[Editor’s note: This is the last of a series of pieces drawn from All Together Healthy: A Canadian Wellness Revolution, written by Tyee legislative bureau chief Andrew MacLeod and just published by Douglas & McIntyre, that challenges assumptions about how best to improve health for Canadians.]
Midway through British Columbia’s provincial election campaign in April 2017, Derek Peach stood up at a town hall style meeting at a Victoria hotel hosted by NDP leader John Horgan, then running for premier. “We had 914 human beings die last year from drug overdose,” said Peach, an older man in a suit jacket who’d waited nearly an hour for his turn to speak. “My child was one of them.”
An NDP supporter whose daughter died two months earlier at the age of 50, Peach wanted to know what his party would do about the ongoing crisis. “Tell me you’ve got something better than just another phone number or website for people to phone. What have we got in our platform?”
Horgan expressed sympathy. “You and 900 other families are suffering because of a lack of action to address a health care crisis, an addictions crisis in British Columbia.” Horgan said he often thinks about the growing number of people dying from drug overdoses. “We need to work together on this,” he said. “On addictions, if you present wanting help, you have to have someone there to make sure the hand pulls people in for help. That means treatment beds. It’s in our platform.”
Horgan also said an NDP government would create a ministry of mental health and addictions so one person in cabinet could focus on the crisis and be accountable for the government’s response. “I’ll do my level best to make sure those numbers never ever get as high as they were last year,” he said. By the end of 2017 illicit drug deaths in B.C. topped 1,400 — up from 300 in 2012.
The numbers do show a small decline this year, but, as of June, more than 100 British Columbians were still dying every month.
Lawrie McFarlane is a retired civil servant who in the 1990s was B.C.’s deputy health minister. In a March 2017 opinion piece he noted that since 1990 the rate of deaths from suicide, alcoholism and illicit drugs among Canadians between the ages of 50 and 54 had jumped by 25 per cent. Sometimes described as “deaths from despair,” it’s a key question why they have been increasing.
“Stagnating incomes among working-class families might be part of the reason,” McFarlane wrote. “So, I suspect, is the age of the population segment we’re talking about. Younger people tend to be more resilient. And folks in their 60s have retirement to look forward to. But middle-aged men and women whose lives haven’t worked out can be trapped in a darker mentality.”
Broken marriages, difficulty providing for kids, guilt and self-blame are common, he said. Meanwhile, the supports people enjoyed in the past, such as religion, trade unions or service clubs, have weakened. “You might expect that young people fleeing dysfunctional homes, or kids willing to try whatever concoction comes along, would be the principal victims. But fentanyl is not, primarily, a plague that kills teenagers (or seniors), though there are deaths in both groups.”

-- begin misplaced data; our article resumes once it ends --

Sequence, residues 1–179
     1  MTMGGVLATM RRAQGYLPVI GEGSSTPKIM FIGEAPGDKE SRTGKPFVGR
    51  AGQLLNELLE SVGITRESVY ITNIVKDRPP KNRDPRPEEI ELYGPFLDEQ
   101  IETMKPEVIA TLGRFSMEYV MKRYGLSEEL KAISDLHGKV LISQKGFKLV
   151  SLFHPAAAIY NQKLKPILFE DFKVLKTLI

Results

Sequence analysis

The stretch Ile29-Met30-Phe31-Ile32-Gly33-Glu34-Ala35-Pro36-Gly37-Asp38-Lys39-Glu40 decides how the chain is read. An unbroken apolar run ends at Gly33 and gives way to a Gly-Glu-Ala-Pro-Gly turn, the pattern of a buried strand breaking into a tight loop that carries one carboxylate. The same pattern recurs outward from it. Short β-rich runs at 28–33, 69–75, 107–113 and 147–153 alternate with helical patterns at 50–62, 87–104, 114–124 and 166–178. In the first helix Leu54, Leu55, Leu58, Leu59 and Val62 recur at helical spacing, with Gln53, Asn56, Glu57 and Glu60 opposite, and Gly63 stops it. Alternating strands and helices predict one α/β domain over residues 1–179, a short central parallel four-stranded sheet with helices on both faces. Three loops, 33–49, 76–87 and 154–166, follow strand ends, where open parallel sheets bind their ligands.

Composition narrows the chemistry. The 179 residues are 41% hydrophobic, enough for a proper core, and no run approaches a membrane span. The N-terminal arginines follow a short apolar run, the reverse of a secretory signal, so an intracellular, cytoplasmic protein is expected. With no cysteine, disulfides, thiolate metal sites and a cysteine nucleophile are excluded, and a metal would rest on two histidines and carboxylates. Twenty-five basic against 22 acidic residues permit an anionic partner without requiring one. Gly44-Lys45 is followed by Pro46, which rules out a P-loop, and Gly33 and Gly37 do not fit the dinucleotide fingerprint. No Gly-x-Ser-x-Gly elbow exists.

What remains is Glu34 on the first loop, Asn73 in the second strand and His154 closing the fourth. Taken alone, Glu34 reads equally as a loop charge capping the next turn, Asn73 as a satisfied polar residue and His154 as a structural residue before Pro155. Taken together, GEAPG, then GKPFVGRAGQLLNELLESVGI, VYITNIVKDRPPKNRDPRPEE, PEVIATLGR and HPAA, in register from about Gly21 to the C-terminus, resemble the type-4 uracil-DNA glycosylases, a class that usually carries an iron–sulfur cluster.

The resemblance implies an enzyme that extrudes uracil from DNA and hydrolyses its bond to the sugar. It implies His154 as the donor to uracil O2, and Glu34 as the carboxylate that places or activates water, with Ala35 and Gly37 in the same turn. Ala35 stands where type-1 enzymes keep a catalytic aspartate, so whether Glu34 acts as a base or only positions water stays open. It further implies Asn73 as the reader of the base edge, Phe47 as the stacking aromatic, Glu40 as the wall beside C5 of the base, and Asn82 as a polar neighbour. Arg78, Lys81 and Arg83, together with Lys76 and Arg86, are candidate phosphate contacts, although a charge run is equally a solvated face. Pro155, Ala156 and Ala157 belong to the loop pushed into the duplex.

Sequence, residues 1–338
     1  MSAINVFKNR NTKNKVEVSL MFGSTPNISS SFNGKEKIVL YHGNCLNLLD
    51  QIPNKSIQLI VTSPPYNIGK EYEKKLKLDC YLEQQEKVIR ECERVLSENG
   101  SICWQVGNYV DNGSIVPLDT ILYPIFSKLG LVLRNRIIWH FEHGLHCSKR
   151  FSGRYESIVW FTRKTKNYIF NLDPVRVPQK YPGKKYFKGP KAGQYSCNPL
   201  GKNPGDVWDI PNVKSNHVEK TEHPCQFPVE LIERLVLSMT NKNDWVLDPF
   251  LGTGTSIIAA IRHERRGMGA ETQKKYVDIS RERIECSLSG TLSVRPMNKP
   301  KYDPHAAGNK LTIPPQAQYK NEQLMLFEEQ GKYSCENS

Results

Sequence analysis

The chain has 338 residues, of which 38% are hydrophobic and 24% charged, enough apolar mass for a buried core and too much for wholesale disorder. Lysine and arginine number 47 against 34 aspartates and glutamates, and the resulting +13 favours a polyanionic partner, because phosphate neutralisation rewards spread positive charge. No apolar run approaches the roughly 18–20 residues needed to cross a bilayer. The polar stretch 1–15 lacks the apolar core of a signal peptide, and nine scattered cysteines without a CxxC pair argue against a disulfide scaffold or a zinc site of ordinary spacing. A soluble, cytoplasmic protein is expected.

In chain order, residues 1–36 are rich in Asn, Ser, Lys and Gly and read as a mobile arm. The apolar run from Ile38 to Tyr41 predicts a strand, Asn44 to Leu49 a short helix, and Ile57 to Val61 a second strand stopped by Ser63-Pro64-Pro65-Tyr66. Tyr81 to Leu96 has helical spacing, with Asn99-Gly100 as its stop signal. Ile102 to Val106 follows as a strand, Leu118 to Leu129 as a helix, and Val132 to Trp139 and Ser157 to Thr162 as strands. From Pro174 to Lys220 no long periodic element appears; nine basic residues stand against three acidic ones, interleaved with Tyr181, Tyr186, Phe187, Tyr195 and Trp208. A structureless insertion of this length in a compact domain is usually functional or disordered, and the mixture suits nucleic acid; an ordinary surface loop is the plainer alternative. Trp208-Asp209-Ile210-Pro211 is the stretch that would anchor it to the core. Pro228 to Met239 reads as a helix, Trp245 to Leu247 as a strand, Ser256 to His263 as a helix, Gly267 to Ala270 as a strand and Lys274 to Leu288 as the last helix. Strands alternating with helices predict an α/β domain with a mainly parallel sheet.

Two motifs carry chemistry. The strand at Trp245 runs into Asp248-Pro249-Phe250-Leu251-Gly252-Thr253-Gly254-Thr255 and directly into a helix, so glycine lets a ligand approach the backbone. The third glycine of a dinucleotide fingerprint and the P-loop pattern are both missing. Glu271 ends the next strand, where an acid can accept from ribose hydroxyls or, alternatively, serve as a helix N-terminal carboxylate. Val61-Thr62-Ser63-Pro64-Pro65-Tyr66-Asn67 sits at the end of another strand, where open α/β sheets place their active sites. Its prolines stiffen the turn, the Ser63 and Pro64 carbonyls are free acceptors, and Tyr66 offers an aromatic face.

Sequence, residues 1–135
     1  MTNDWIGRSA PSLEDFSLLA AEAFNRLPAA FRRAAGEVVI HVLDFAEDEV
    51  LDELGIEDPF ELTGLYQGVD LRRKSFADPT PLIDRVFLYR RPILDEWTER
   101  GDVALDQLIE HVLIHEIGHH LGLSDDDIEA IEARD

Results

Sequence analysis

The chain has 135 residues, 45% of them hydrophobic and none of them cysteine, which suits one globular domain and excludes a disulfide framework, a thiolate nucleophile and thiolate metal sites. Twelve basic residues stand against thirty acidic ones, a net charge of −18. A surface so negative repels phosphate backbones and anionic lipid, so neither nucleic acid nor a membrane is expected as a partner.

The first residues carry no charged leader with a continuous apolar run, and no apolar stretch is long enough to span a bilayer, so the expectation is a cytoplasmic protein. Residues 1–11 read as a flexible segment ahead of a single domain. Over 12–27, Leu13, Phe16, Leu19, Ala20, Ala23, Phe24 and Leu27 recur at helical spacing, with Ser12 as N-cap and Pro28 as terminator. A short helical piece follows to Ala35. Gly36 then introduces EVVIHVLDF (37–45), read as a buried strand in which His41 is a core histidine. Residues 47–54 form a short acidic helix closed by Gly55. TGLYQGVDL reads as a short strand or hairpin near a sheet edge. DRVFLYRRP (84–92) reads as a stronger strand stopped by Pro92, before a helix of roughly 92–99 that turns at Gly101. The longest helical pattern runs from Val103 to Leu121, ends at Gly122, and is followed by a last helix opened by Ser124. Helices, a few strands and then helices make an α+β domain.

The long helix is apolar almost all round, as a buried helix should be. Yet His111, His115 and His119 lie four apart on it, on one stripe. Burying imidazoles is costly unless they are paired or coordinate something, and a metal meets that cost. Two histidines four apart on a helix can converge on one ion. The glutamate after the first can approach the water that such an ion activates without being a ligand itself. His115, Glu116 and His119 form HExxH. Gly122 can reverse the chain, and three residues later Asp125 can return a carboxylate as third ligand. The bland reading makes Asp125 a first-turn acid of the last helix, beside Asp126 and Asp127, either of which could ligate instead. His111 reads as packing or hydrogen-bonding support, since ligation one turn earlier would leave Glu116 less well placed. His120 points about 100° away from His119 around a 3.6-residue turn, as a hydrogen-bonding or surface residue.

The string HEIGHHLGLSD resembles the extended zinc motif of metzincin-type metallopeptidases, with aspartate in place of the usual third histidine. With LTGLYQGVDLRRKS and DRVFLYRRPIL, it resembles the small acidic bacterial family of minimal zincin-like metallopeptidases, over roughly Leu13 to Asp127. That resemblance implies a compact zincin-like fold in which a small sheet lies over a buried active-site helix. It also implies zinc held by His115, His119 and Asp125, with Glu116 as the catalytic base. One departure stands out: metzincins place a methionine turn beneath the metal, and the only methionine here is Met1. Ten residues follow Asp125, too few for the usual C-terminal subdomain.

Instead, the majority of drug-overdose deaths in B.C. were of people between the ages of 40 and 59.
The people who are dying are also predominantly men. McFarlane suggested the over-representation of men could be related to the decline in male-dominated parts of the economy, a drop in the availability of family-supporting jobs in resource extraction, mining and forestry. Gender roles have shifted in recent decades, but expectations that men will be providers largely have not.
“The hard truth is, we really don’t understand what is going on,” he wrote. “The symptoms of death from despair are well-known — opioid fatalities, homelessness, suicide — but we haven’t tied down the social malfunction behind them.” People point to mental illness, high housing costs, or childhood abuse, which are real but not the whole story, he wrote. “We need a public discussion of this crisis, before it gets worse.”
Besides overdoses, men are also more likely to die from workplace accidents, alcoholism and suicide. That’s significant, according to Dan Bilsker, an assistant clinical professor at the University of British Columbia and the co-author of A Roadmap to Men’s Health. “Both suicide and overdose may be acts of men who have lost hope that life will provide meaning through work, family or loving partnership, men who don’t care whether they live or die.”
In other words, the overdose crisis speaks to widespread loss of hope, particularly for men. The crisis is therefore existential in nature.
As Andre Piver, who worked in the mental-health system for 20 years, put it, “Rather than getting high, most people who get into trouble are just trying to get by and stop focusing on worry, hopelessness or just physical pain which, importantly, also may become a substitute focus for existential discomfort. We are in a ‘lost’ time at the end of this industrialized civilization.” Writing from Nelson in B.C.’s southeast, he called for rebuilding the mental health system in a way that allows caregivers to make human connections and build trust with the people they are supposed to be helping.